The attacker only needs to acquire some level of write permission in the filesystem to exploit this type of vulnerability, according to Mordechai Guri, chief science officer at Morphisec. Guri told SearchSecurity, "This is considered to be an easy task on the attacker's part. It's important to note that these semi-logic vulnerabilities won't go away and are proof that new approaches like moving target defense should be developed and deployed in many strata of the computer security stack, including operating systems, SQL language, et cetera."

What to do about it?

Williams had some specific suggestions for enterprises concerned about the MySQL vulnerability, starting with controlling access to the database itself. Since any user with SELECT permissions can access the administrative logging functions exploited in the vulnerability, "the configuration files which are normally owned by the MySQL user should be changed so they are owned by another user, such as root, and not writeable by the MySQL user."

"Finally, MySQL reads additional configuration data from my.cnf files," Williams noted. "One location it may read these from, /var/lib/mysql, must continue to have write permissions enabled for the MySQL server. To prevent attackers from writing a my.cnf file in this location as MySQL users, we are advising administrators to write my.cnf files owned by root in any directory where the MySQL user has write permissions."

"In all but extraordinary cases, MySQL should never be exposed to the open internet," said John Bambenek, manager of threat systems at Fidelis Cybersecurity in Waltham, Mass. "Ideally, a database server would behind a firewall in a standard three-tier design."

Oracle takes heat for its response

"Sometimes vulnerabilities can be complicated to patch and that could be delaying release," Bambenek said. "However, open communication with the researchers should be routine so that such issues are known. That said, considering other database platforms (PerconaDB and MariaDB) were able to patch, it calls into question whether complexity is really the issue for Oracle here. More importantly, Oracle should have developed some mitigation or something to protect enterprises in the meantime."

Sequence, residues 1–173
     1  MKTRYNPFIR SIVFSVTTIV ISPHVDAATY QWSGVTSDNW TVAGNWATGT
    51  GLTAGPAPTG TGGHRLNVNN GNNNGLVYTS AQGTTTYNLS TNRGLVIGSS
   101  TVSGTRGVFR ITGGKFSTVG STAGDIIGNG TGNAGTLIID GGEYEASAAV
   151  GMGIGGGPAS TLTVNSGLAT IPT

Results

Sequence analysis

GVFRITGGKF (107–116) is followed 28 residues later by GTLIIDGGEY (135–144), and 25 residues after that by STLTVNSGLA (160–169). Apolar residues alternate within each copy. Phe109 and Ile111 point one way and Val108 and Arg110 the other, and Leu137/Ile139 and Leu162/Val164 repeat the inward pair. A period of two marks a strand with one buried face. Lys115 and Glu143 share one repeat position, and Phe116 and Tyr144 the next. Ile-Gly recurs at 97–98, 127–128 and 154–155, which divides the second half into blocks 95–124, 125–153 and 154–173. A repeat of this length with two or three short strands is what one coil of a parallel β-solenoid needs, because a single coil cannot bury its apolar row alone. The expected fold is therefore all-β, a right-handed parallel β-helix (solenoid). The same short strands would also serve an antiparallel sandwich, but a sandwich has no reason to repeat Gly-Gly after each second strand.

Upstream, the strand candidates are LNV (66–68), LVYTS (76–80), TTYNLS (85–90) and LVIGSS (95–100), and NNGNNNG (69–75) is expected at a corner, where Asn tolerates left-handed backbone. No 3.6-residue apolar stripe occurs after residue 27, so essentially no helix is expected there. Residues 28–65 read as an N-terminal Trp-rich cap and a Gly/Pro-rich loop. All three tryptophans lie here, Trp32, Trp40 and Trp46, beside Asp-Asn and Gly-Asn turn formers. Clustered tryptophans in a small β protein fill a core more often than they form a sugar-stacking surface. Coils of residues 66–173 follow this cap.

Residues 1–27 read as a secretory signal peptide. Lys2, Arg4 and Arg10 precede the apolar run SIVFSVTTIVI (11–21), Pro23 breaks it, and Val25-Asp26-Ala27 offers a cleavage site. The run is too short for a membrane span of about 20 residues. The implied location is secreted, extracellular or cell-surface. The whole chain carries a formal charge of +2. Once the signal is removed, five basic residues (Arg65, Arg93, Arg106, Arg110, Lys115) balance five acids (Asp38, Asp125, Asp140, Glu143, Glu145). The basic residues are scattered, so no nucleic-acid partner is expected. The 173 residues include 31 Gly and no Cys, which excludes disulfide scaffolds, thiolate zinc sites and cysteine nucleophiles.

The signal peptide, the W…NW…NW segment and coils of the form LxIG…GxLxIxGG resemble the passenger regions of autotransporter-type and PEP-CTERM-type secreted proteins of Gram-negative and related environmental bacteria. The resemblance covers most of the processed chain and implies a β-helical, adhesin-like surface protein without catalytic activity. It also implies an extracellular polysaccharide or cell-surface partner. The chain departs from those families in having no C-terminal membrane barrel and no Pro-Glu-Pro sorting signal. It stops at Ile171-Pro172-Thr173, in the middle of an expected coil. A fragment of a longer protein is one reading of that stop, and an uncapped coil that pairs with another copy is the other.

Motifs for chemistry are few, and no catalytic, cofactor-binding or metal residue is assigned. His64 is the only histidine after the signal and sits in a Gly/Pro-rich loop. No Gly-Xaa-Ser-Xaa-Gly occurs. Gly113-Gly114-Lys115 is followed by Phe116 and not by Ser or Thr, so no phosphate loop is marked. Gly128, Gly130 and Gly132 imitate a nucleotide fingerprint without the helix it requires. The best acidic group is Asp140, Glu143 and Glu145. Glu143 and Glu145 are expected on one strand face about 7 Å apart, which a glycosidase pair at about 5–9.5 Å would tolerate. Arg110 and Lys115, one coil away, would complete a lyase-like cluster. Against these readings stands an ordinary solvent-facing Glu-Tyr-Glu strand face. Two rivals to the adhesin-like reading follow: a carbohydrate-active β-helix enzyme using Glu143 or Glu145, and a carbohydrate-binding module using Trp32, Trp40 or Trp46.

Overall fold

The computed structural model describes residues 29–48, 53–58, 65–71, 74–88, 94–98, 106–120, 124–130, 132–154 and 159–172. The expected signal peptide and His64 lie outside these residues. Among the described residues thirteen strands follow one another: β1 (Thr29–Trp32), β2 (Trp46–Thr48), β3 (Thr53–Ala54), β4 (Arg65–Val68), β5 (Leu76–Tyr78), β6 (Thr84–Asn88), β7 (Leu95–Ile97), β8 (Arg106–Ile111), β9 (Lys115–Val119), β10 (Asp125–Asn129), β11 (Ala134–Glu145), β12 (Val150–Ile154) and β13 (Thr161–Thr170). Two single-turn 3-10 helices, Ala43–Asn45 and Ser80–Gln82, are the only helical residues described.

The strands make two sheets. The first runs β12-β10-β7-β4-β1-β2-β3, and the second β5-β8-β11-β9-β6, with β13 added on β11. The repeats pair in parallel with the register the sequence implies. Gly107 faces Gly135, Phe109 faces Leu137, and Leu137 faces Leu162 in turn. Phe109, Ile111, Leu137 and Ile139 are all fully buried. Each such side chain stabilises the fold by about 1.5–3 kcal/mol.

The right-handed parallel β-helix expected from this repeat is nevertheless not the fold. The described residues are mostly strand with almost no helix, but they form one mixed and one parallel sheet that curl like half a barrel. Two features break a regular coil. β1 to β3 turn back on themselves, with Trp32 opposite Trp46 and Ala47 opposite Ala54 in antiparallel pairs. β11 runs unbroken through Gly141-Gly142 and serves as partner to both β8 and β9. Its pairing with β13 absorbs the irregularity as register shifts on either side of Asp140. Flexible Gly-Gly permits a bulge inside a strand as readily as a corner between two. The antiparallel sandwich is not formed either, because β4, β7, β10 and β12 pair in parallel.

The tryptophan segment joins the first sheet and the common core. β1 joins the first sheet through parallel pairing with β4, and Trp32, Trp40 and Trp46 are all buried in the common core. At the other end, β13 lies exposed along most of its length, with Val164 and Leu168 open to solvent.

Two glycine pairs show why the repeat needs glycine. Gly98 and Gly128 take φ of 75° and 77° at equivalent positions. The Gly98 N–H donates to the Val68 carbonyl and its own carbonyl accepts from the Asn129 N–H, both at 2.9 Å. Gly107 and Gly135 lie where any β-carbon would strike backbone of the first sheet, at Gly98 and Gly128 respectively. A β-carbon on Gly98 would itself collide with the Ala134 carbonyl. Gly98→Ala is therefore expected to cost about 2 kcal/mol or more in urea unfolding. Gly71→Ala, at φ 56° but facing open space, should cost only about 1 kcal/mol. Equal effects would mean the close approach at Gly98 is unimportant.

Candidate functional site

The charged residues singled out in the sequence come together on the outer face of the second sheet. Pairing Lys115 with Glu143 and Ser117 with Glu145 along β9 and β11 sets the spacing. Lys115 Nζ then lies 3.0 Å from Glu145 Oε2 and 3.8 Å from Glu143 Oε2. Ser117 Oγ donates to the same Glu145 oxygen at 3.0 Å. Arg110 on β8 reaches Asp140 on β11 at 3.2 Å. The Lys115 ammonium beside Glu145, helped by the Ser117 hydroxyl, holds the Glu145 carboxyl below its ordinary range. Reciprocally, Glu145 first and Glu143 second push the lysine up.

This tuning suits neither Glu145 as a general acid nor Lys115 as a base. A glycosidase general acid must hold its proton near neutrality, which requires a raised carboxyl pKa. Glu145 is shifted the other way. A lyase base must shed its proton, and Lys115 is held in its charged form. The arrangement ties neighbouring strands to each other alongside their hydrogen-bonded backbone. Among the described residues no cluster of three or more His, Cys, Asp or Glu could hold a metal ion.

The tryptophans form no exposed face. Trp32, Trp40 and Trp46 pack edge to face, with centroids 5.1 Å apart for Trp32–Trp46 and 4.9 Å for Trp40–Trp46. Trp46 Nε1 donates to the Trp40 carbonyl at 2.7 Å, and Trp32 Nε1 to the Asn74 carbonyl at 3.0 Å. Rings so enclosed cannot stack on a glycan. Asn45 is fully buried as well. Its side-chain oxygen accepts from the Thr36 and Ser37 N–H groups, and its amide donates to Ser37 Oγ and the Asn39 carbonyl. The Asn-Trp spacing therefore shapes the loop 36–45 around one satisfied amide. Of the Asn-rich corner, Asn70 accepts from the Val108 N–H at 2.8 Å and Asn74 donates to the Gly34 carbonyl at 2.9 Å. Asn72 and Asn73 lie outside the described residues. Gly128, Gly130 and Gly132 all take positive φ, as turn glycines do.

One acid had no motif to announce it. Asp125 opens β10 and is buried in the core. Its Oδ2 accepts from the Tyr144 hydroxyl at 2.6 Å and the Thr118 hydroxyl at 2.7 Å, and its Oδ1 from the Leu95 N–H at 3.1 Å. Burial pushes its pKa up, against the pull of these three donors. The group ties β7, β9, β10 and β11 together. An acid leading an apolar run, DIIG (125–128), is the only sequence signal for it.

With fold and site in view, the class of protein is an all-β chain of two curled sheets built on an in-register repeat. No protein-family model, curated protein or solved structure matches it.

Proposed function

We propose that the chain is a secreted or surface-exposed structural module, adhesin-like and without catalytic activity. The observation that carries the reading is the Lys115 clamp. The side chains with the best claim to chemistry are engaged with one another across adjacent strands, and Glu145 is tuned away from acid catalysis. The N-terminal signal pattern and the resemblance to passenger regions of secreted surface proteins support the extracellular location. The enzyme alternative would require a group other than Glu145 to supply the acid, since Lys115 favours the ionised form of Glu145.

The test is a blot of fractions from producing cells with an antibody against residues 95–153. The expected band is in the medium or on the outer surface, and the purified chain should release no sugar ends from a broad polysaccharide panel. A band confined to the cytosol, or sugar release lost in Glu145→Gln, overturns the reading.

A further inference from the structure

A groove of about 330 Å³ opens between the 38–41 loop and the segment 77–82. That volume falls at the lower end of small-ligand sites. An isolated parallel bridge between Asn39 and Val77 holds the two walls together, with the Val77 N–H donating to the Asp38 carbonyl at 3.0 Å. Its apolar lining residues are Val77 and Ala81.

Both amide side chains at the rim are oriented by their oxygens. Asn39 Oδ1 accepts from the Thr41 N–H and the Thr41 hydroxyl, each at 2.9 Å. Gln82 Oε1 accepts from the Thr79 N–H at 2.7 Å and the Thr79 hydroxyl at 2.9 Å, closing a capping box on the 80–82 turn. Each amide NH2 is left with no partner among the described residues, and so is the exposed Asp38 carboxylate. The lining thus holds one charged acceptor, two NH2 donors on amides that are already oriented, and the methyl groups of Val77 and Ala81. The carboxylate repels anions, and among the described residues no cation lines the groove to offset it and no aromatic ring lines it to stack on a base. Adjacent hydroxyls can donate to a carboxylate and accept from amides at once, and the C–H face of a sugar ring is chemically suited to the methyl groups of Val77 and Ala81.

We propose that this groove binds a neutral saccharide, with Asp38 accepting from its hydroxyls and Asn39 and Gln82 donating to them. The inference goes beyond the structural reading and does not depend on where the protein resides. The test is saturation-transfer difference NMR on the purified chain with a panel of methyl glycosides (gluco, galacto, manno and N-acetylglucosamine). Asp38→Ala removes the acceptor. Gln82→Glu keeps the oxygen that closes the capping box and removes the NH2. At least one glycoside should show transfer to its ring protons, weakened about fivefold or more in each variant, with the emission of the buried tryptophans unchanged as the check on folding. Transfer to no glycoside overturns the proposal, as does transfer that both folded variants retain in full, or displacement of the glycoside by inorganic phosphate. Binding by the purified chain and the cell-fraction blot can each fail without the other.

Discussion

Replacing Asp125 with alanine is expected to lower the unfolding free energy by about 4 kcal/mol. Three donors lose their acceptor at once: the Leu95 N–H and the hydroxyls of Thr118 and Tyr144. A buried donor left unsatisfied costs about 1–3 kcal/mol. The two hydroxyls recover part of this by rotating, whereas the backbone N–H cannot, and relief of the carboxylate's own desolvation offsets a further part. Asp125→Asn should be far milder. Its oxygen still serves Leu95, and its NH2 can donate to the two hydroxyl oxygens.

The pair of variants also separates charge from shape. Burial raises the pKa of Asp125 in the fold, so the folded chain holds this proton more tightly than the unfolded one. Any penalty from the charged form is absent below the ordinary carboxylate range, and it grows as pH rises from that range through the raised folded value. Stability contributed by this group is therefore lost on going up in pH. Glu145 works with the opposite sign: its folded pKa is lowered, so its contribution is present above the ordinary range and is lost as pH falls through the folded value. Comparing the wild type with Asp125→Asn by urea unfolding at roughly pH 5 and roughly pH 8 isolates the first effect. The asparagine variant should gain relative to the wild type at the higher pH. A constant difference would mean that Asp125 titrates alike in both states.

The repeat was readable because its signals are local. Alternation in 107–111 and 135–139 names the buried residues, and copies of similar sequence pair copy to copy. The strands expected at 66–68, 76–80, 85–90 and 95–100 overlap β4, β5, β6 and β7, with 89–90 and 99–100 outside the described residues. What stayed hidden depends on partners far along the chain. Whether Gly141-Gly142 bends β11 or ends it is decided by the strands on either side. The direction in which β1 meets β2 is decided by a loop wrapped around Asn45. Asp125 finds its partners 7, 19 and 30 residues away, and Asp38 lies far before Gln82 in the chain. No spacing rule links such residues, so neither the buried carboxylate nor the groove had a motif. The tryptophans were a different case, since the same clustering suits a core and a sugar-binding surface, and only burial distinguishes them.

"Oracle's response to vulnerabilities involving open source projects must be more vigilant than those involving only closed source," Williams said. "Anyone can fork an open source project and they are likely to be notified as well when vulnerabilities are reported. If the open source project patches first, then Oracle's customers are exposed. I think it's clear that quarterly patching cycles are no longer sufficient in today's vulnerability research climate."

As for the takeaway for enterprises, Williams added, "If you aren't comfortable with quarterly patching, vote with your wallet. There are other database solutions out there and seeing Oracle hold to a quarterly patching schedule when open source forks have already patched is very troubling. Changing database engines is very expensive for an enterprise. If this behavior from Oracle continues, I'd definitely recommend examining your options."

"The fact that two other open source projects patched the same vulnerability before Oracle says a lot about their responsiveness," Williams said. "These are obviously serious vulnerabilities and because they are present in other projects, Oracle doesn't get to control the patch release timeline."

"In my opinion, this case is a good illustration of poor interaction between Oracle PR and tech departments," Chastukhin said. "They could have responded to Golunski's report in due time and publicly announced that the vulnerability was not as dangerous as the researcher stated and the patch was already released. In this turn of events, Oracle could have become the winner of the situation."

"What do we have now? A pile of articles with harsh criticism and frustration of system administrators."

This is not the end of the story, though. Golunski noted that "attackers could use one of the other vulnerabilities discovered by the author of this advisory, which has been assigned a CVEID of CVE-2016-6663 and is pending disclosure. The undisclosed vulnerability makes it easy for certain attackers to create /var/lib/mysql/my.cnf file with arbitrary contents without the FILE privilege requirement."

Next Steps